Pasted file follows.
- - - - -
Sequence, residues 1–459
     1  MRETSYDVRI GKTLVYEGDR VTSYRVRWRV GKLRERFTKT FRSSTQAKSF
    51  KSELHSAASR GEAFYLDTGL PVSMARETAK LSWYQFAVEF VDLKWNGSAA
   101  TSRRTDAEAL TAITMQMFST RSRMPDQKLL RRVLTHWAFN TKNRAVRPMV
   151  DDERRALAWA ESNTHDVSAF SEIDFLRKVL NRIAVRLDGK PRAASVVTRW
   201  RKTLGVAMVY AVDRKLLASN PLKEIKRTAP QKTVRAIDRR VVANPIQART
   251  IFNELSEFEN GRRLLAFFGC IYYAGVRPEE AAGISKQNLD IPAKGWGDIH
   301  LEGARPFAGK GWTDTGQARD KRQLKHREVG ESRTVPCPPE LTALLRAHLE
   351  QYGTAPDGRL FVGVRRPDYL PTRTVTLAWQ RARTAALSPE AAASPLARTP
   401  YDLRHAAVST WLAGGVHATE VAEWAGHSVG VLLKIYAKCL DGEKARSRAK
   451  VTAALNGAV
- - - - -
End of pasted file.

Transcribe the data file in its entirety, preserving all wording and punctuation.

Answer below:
Sequence, residues 1–459
     1  MRETSYDVRI GKTLVYEGDR VTSYRVRWRV GKLRERFTKT FRSSTQAKSF
    51  KSELHSAASR GEAFYLDTGL PVSMARETAK LSWYQFAVEF VDLKWNGSAA
   101  TSRRTDAEAL TAITMQMFST RSRMPDQKLL RRVLTHWAFN TKNRAVRPMV
   151  DDERRALAWA ESNTHDVSAF SEIDFLRKVL NRIAVRLDGK PRAASVVTRW
   201  RKTLGVAMVY AVDRKLLASN PLKEIKRTAP QKTVRAIDRR VVANPIQART
   251  IFNELSEFEN GRRLLAFFGC IYYAGVRPEE AAGISKQNLD IPAKGWGDIH
   301  LEGARPFAGK GWTDTGQARD KRQLKHREVG ESRTVPCPPE LTALLRAHLE
   351  QYGTAPDGRL FVGVRRPDYL PTRTVTLAWQ RARTAALSPE AAASPLARTP
   401  YDLRHAAVST WLAGGVHATE VAEWAGHSVG VLLKIYAKCL DGEKARSRAK
   451  VTAALNGAV